Saturday 3 June 2017

Solan goose

It's been a while since we had an island in the spotlight. You are invited to guess / work out where in the World is the island shown on the chart [L from 59.1oN 6.1oW].  I have been down with Pat the Salt, my nautical father-in-law, and he can be restless about the television. His common refrain is "we've seen this before", even when it is demonstrably not true - first run Attenborough, or this week's Antiques Roadshow with enough contemporary references to know that it's not a repeat. We're not sure if it's a sort of deja vu loop in his aged brain or a dismissive existential comment on the banality and repetitive nature of the medium. Peculiarly, one of the few channels that tends to keep in him interested is BBC Alba, the Scots Gaelic language channel which is the political and linguistic equivalent of our own TG4.  You can get sheep-dog trials there and documentaries about crofting and the value of urine in the preparation of Harris tweed.  Alba is an idealised and romantic view of North Britain. I switched over to that TV channel as a change from Theresa May and caught a bit of monochrome footage of some  lads unloading fish from a boat (see picture below]. . . but they weren't fish but gannets Morus bassana. I asked Pat if it was St Kilda but he didn't respond - possibly because his hearing aids are in the shop for their annual service.

Although gannets were an essential part of the diet and getting them an essential part of the culture of St Kilda, they weren't the only people who scaled the cliffs each Autumn and killed a boat-load of unfledged gannets when they were fat and tender. I'm sure that in the distant past more convenient cliffs were exploited but, by the 20thC, the poor gannets had retreated from the voracious predator and retained a toe-hold on distant, uninhabited and hard to scale islands, cliffs and headlands.  The BBC Alba documentary was reporting on hunting the gannet on the island of Sula Sgeir ( Old Norse sĂșla, "gannet" and sker, "skerry") by the men of Ness The two locations - 65km of open ocean apart - are indicated with red arrows R]. I mentioned Rona in passing last year and may go back there. Storms were likely to blow in unexpectedly either in the going, the return or during the 10 days of camping and slaughter, but the boats of Ness were and are dependable and sea-worthy.  Sula Sgeir is more remote than St. Kilda and much smaller [about 15 ha.] and generally uninhabited although there are some bothies, sort of weather-proof, built from the local gneiss rocks, and used during the gannet hunt.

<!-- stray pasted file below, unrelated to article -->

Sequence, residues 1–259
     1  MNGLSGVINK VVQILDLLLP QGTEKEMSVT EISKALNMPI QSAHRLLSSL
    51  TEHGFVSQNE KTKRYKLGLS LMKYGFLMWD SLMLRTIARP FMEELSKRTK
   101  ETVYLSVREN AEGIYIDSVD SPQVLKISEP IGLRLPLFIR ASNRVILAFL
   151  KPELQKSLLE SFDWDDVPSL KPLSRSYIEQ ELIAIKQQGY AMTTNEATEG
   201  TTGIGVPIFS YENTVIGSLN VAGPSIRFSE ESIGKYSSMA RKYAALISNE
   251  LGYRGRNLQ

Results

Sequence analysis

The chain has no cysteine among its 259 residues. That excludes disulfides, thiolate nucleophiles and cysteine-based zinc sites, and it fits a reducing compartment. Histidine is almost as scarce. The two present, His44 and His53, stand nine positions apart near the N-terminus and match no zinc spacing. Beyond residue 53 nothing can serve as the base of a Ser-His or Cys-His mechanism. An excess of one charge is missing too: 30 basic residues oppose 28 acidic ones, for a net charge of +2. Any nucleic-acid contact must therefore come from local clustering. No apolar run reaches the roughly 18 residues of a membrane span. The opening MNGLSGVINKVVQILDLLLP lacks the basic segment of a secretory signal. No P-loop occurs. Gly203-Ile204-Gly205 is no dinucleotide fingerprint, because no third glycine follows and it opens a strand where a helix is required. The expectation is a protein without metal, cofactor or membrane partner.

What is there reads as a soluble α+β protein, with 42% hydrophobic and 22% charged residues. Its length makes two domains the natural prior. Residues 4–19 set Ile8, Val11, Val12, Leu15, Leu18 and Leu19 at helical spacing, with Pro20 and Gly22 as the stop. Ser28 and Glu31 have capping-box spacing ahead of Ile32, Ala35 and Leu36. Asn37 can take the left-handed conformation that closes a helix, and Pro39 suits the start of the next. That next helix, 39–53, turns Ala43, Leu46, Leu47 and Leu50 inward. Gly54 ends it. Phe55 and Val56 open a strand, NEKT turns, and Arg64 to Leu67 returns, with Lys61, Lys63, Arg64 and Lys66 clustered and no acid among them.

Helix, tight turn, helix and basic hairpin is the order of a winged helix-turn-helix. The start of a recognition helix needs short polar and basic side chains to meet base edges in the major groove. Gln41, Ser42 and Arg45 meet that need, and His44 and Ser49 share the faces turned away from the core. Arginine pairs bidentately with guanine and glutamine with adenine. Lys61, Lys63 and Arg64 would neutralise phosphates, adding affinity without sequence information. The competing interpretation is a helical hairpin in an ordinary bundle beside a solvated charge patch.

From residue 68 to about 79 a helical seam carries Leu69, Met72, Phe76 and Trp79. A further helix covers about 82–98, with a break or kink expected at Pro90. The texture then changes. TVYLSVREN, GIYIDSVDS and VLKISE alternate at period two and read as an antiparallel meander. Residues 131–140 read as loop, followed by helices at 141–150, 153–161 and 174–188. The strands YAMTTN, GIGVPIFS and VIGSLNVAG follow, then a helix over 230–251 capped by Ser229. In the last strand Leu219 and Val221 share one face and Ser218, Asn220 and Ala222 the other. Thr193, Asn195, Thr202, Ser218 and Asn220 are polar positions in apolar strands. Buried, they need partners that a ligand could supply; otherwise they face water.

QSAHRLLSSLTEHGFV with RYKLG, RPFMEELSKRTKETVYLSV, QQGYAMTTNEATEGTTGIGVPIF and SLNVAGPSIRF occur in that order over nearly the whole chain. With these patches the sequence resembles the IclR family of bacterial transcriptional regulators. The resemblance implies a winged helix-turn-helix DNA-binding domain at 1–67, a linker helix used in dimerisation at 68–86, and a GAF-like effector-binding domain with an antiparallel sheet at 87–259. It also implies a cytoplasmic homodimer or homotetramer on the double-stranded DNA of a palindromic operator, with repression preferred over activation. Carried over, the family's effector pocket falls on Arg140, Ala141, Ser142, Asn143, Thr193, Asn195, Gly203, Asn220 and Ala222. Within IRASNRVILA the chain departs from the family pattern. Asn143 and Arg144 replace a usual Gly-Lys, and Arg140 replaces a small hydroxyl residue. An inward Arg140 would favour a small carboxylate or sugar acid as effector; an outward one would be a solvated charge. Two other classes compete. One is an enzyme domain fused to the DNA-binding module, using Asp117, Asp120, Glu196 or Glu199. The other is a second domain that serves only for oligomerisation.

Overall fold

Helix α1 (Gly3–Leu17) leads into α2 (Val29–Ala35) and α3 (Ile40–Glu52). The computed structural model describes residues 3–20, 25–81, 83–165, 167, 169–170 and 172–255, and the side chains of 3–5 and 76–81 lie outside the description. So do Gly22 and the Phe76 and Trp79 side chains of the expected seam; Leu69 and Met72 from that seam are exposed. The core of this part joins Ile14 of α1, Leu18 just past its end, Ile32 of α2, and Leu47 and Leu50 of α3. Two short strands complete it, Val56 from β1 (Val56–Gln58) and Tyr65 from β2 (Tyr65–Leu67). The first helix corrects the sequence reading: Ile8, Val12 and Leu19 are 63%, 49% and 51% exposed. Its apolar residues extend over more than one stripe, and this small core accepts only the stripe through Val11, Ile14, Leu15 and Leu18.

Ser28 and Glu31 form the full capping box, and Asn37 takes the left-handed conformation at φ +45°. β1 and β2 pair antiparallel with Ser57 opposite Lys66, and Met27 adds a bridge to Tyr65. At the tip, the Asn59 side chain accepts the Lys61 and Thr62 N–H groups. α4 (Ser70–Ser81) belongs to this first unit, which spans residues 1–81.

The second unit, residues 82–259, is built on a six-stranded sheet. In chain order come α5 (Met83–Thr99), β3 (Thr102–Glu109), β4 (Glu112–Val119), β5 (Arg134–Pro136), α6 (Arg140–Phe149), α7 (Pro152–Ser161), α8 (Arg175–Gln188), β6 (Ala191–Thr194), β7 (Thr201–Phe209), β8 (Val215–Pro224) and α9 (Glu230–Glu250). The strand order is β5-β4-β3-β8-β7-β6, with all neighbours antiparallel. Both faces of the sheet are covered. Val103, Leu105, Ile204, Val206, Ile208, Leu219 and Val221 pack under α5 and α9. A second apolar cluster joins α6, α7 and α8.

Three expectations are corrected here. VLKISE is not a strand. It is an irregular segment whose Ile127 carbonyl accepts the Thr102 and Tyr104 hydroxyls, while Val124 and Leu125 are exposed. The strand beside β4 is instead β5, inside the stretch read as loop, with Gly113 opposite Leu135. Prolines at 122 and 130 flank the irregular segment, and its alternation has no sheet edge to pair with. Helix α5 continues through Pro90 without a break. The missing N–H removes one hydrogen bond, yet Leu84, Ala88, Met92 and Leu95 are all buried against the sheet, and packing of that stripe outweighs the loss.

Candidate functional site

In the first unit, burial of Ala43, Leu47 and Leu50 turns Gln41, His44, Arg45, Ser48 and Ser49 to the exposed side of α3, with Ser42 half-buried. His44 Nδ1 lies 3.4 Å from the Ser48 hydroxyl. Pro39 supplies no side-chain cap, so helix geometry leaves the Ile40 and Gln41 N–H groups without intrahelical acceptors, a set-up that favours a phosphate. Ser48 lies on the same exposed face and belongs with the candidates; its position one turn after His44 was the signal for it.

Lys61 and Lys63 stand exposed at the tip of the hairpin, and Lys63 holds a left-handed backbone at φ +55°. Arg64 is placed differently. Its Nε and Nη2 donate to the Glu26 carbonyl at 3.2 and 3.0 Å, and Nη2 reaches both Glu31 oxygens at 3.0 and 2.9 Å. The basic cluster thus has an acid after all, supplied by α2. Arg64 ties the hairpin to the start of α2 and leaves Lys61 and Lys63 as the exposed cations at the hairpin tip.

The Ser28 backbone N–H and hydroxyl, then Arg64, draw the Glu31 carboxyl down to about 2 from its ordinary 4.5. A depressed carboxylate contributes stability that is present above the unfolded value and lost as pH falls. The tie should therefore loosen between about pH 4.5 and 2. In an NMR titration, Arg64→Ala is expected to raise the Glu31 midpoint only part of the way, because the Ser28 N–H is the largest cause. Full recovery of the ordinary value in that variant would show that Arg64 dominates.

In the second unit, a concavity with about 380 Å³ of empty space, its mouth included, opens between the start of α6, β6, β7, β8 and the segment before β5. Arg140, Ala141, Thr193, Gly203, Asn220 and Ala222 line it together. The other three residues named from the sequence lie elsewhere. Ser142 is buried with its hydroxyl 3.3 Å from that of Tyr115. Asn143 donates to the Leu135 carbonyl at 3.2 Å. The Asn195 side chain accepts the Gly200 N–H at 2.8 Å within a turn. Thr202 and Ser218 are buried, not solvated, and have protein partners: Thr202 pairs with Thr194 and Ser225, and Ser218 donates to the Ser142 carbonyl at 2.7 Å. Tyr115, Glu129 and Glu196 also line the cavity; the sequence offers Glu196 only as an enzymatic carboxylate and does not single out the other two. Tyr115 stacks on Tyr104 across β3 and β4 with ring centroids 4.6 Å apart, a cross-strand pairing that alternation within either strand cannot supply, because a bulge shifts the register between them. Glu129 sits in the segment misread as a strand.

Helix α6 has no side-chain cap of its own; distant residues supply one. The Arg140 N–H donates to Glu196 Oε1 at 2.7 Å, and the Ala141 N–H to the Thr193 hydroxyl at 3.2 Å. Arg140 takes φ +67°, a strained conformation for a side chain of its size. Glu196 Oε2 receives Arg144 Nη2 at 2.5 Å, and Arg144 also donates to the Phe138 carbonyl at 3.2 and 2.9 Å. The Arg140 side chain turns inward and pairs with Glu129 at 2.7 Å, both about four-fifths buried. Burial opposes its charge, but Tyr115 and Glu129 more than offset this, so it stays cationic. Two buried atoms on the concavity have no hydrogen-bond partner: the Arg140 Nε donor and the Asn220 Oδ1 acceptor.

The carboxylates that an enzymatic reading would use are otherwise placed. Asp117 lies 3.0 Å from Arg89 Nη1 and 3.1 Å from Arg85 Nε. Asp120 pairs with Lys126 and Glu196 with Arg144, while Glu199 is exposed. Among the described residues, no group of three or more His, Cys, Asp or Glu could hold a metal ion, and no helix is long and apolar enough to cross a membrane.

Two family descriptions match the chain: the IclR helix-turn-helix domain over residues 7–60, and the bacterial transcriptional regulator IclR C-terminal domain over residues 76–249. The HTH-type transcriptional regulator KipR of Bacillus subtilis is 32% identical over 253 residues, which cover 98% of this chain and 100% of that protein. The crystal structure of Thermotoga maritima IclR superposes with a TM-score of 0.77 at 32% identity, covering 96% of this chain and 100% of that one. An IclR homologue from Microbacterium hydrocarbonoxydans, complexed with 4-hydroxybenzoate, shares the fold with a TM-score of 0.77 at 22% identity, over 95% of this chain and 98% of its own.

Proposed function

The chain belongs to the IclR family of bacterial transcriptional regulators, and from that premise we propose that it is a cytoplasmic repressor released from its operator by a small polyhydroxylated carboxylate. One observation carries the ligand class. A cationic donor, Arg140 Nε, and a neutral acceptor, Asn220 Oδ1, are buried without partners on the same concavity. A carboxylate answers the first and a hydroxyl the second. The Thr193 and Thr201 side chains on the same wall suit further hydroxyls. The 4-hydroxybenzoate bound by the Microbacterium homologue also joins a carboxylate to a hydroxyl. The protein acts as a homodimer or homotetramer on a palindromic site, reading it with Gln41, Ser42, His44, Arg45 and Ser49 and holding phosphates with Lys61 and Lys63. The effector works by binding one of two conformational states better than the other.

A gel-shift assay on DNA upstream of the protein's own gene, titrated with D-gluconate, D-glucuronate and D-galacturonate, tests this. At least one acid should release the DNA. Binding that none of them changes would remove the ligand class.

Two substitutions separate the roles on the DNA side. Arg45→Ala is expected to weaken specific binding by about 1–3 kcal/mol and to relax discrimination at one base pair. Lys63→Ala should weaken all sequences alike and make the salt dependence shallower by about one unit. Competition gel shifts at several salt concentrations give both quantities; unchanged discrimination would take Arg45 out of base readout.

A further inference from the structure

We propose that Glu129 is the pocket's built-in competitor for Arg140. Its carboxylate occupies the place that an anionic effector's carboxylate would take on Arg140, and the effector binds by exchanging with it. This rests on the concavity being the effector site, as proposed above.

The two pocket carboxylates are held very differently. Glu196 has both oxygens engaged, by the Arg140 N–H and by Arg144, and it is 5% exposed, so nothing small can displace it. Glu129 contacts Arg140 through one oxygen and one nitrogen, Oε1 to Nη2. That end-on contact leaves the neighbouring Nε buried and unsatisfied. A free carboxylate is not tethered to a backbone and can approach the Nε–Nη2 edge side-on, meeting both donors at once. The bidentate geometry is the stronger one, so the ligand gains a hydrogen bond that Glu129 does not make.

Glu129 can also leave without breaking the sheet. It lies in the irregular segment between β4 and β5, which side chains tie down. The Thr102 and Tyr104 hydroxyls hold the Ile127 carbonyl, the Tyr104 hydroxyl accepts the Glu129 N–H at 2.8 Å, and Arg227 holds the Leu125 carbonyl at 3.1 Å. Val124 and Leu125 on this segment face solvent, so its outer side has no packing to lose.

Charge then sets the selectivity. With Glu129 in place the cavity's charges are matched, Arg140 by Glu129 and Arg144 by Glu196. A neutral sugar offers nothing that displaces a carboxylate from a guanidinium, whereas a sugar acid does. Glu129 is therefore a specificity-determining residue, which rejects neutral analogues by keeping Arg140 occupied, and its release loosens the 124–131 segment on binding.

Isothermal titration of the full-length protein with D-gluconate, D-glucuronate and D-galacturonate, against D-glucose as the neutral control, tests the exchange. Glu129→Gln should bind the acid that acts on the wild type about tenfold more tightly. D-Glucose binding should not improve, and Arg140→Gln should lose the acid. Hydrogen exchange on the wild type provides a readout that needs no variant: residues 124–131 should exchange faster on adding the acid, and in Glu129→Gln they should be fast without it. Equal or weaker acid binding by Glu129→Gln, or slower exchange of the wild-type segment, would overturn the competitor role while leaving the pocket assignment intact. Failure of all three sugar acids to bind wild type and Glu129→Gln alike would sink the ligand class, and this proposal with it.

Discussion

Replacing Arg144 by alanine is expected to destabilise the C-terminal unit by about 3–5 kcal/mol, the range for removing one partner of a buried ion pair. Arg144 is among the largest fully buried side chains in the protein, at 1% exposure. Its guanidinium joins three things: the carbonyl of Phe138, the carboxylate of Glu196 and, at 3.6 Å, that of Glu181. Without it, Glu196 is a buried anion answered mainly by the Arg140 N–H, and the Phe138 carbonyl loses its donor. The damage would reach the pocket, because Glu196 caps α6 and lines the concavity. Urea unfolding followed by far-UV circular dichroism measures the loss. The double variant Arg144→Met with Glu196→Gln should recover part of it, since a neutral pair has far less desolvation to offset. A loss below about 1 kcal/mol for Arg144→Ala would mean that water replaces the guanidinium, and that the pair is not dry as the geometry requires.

Ness is an open community consisting of about 1300 people spread across several villages which I am sure will want me to list: Lionel, Habost, Swainbost, Cross, North and South Dell, Cross Skigersta, Skigersta, Eorodale, Adabroc, Port of Ness, Knockaird, Fivepenny and Eoropie. Port of Ness is the location of the quayside where the haul of gugas [dead gannets of which the annual heap of them is shown L] is distributed among the local population. The land about Ness all 23,000 ha of it, was purchased in 2007 and is held in by Urras Oighreachd Ghabhsainn = the Galson Estate Trust. The whole of Lewis was purchased in 1918 by Lord Leverhulme with plans to develop the fisheries and boost the local economy.  That's another story for another time, but the most recent owners of land were Grahams and MacReas who had a cunning plan to develop the whole area as a massive wind-farm and were not unanimously pleased with the new legislation that facilitated the break-up of large private estates.

My father was not flattering about gannets Morus bassana; if we finished dinner in under 5 minutes, he'd compare our appetite to that of the gannet.  A gannet feeding-frenzy can lead to dramatic diving behaviour as has been noted by Attenborough. Whatever about their own voracious feeding habits, gannets are not the top of the food chain; we are. Or rather the men and women of Ness are, because they have a licence to carry on the hunting of gannets - a pursuit that has engaged local people for at least 500 years. Gannet is an acquired taste: flatteringly called salty goose but described as old leather and rotten beef or anchovy paste and full strength cod-liver oil. It cannot be worse than lutefisk. That was described by Garrison "Prairie Home" Keillor as "Not edible by normal people. It is reminiscent of the afterbirth of a dog or the world's largest chunk of phlegm."

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